Greg Wickherst is a single dad of a little girl, Izzy. One of his duties is to style her hair in the mornings, but he had no idea how to even tie a simple ponytail.
This was Greg a year ago. He had hoped that cropping Izzy’s bangs would make things easier. This is now one of his hair style no-nos.
He realized he had a choice: either keep Izzy’s hair short, or learn how to style hair. Knowing that his growing daughter will likely prefer not to have her daddy’s shaved head, he headed towards the cosmetology department at IntelliTech College, where he works in admissions.
The female students were both surprised and pleased to see him working with a mannequin. After a few hours learning the basic ponytail, braid and bun, he was ready to try his hand on Izzy.
To Izzy’s delight, it wasn’t long before Greg started experimenting with more advanced styles.
These eye-catching looks are still based on the basic three styles he learned during his first lesson.
Although it began as a project for Izzy, Greg has started to really enjoy trying out new styles. Doing her hair has become another fun shared activity for them to do before they head out to some of their favorite places. They love going to the children’s museum where they play children’s movies out under the stars, and romp at a park when the weather is nice.
Their story has garnered so much attention that other fathers have come out asking for help with hair styling. IntelliTech launched a “Daddy Daughter Hair Do Day” where local dads come in with their girls to learn how to style hair. They hope to hold these sessions every six weeks.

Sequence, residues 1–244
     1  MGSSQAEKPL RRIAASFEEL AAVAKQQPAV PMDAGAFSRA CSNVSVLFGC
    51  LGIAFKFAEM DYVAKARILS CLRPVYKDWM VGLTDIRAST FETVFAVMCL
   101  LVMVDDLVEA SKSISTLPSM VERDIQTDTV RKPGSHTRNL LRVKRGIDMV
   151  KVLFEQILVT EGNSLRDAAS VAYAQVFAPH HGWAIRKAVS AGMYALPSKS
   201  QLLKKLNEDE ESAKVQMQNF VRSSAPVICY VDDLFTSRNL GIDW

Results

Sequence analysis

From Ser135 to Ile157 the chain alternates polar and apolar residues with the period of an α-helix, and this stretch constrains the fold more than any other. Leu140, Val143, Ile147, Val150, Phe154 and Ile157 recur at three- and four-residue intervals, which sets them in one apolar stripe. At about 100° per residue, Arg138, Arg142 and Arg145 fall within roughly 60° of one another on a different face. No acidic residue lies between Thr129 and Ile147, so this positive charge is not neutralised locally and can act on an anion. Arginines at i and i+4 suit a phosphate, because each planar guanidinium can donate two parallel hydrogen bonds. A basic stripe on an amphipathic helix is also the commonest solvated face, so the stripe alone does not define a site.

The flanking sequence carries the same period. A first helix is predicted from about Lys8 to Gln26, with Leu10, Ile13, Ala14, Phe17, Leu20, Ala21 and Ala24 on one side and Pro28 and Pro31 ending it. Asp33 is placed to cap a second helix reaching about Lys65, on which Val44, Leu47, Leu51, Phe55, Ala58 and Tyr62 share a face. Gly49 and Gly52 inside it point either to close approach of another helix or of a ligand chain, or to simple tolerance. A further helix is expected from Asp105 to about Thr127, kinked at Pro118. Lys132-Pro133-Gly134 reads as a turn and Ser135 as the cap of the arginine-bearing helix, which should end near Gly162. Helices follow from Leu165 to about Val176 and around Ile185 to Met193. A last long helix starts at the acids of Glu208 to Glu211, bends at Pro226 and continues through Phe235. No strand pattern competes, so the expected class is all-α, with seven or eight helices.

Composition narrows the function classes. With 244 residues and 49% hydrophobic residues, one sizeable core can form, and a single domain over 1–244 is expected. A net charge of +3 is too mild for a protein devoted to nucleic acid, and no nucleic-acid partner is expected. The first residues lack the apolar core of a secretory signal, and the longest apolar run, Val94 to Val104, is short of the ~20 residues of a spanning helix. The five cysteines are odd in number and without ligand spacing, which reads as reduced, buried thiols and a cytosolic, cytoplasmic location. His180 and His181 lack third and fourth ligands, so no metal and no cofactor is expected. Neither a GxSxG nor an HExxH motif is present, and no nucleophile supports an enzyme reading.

Greg has been approached repeatedly by single moms, dads and even married parents to be told that he has been an inspiration. He told SF Globe that his biggest advice for parents is to “get out of your comfort zone and learn what they want or need.” Surely, Greg never would have suspected that he would one day be a hair-style guru for dads.
Greg now has a regular following of people who like to see Izzy’s different looks while exchanging other ideas for hairstyles. He also plans to make tutorial videos for interested parents. He has gotten so much attention, he has started a separate Facebook page dedicated to hair styles called Greg Wickherst’s Dads Guide to Surviving Hair.
SF Globe was delighted by Greg’s devotion to Izzy. He didn’t accept the misconception that dad’s can’t do hair, or force his daughter to have a cropped look to suit his needs. Instead, he pushed forward to figure out how to provide as best he can for his daughter. At first he found the attention silly, since he didn’t feel he was doing anything out of the ordinary for a dedicated parent. Still, it’s great to publicly acknowledge a father that doesn’t fit the bumbling or absentee father stereotype.
What do you think of their story? What special thing did your dad do for you?